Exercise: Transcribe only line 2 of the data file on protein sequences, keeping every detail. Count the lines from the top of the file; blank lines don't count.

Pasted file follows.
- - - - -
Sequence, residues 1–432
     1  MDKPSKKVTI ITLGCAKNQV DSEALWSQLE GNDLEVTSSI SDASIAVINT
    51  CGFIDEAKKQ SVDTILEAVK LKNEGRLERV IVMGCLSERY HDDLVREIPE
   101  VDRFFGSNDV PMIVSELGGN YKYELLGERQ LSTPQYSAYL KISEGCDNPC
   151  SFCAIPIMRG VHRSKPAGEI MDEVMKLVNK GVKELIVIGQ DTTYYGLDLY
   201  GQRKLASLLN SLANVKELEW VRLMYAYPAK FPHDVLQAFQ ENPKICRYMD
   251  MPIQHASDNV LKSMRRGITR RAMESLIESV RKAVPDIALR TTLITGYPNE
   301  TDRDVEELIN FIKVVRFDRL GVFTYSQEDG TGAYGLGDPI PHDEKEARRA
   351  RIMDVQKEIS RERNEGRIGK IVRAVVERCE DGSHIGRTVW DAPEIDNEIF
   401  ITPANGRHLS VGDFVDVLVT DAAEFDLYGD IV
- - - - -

     1  MDKPSKKVTI ITLGCAKNQV DSEALWSQLE GNDLEVTSSI SDASIAVINT